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Chicago Fed Letter, No. 138, February 1999
1998 Economic Outlook Symposium

The following publication has been lightly reedited for spelling, grammar, and style to provide better searchability and an improved reading experience. No substantive changes impacting the data, analysis, or conclusions have been made. A PDF of the originally published version is available here.

The Federal Reserve Bank of Chicago’s 12th annual Economic Outlook Symposium, held on December 4, 1998, focused on how international issues might affect U.S. economic growth in 1999. More than 60 economists and analysts from business, academia, and government attended the conference. In this Chicago Fed Letter, we review the accuracy of last year’s conference forecast for 1998 and summarize the outlook for 1999.

Consensus outlook for the economy

In 1998, the economy showed tremendous strength in the first quarter, growing 5.5%. This was the strongest quarter of growth in nearly two years. Growth slowed to a relatively weak 1.8% in the second quarter, due largely to the General Motors strikes. The strikes lowered vehicle production beginning in June and, combined with strong sales, caused light vehicle (cars and light truck) inventories to reach fairly low levels. As a result, the change in business inventories, which had been averaging over $56 billion per quarter for the previous two years, reached only $38.2 billion in the second quarter, reducing real gross domestic product (GDP) growth by 1 percentage point. The GM strikes were settled by the end of July and production began to rebuild both sales and inventories. Third quarter GDP (fourth quarter numbers are not yet available) rose by a strong 3.7% as the change in business inventories approached the rate it had averaged over the previous two years. If the second and third quarters are averaged, then GDP growth falls into the range that traditionally has been associated with its long-run trend of close to 2.5%.

In the first half of 1998, the Asian crisis made its presence felt. Manufacturing output growth began to soften and industrial production, which had been averaging nearly 6% growth during 1997, slowed to 1.5% in the first half of the year and 0% in the third quarter. Nonetheless, unemployment rates remained low, at 4.4% in the second quarter and 4.5% in the third quarter. Inflation concerns also remained subdued, with inflation averaging 1.4% for the first three quarters of 1998.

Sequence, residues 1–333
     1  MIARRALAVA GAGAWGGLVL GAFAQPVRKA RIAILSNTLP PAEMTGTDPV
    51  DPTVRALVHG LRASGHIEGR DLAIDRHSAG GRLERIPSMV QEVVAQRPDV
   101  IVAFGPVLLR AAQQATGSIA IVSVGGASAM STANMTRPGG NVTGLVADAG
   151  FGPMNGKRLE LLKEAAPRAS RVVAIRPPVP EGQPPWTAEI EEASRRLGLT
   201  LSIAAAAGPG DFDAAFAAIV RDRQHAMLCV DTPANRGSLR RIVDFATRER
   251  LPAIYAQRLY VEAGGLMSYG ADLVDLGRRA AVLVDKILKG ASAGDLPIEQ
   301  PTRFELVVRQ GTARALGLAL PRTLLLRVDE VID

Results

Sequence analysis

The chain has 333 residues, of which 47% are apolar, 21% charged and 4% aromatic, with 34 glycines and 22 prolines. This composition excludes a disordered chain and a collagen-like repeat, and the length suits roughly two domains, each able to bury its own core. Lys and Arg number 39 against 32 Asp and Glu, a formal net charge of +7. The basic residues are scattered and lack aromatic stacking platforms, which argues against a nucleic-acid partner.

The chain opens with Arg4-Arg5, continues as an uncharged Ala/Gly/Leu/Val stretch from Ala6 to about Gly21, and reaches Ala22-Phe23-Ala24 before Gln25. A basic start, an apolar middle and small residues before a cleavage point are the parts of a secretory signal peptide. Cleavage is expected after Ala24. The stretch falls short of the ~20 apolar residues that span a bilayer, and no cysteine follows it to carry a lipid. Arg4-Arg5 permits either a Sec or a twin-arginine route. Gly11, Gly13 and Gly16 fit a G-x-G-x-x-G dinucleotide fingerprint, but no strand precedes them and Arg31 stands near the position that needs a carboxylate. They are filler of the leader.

In the third quarter, international issues continued to dominate the economic risk horizon. Concerns about the collapse of the Russian economy and the impact it might have on other economies caused significant disruption in world financial markets. Interest spreads, the difference between Treasury securities and more risky types of assets, such as corporate securities, increased substantially and economists in the U.S. raised concerns about a potential credit crunch. Partly in response to these concerns, the Federal Open Market Committee lowered the federal funds rate three times over a seven-week period beginning in late September, for a total rate reduction of 75 basis points.

Looking over our shoulder

In general, participants in the December 1997 symposium underestimated the strength of the economy in 1998. They expected real GDP to increase by 2.6%; for the first three quarters, it averaged 3.7%. This tendency to underestimate growth held for most of the subcategories of GDP. The 4.3% growth rate of industrial production for the first three quarters of 1998 compared with the first three quarters of 1997 was higher than the 3.5% rate forecast last year. Light vehicle sales averaged roughly 400,000 units more than forecast. Housing starts added 1.59 million units (annualized) in the first three quarters of 1998 versus a forecast of 1.41 million units rate for the year, following a very strong year in 1997. The trade-weighted dollar appreciated more than 6% for the first three quarters, compared with an anticipated increase of 1%. Analysts overestimated unemployment rate growth by 0.4 percentage points. They expected inflation to remain at a 2.4% rate in 1998, but inflation averaged 1.4% for the first three quarters of 1998. The prime rate was forecast to rise, reaching 8.75% in the fourth quarter and averaging 8.70% for the year. Instead, rates fell for most of the year and the fourth quarter prime rate was 100 basis points lower than forecast, at 7.75%. In summary, the economy expanded faster, inflation was significantly lower, and unemployment rates were lower than last year’s symposium forecast suggested.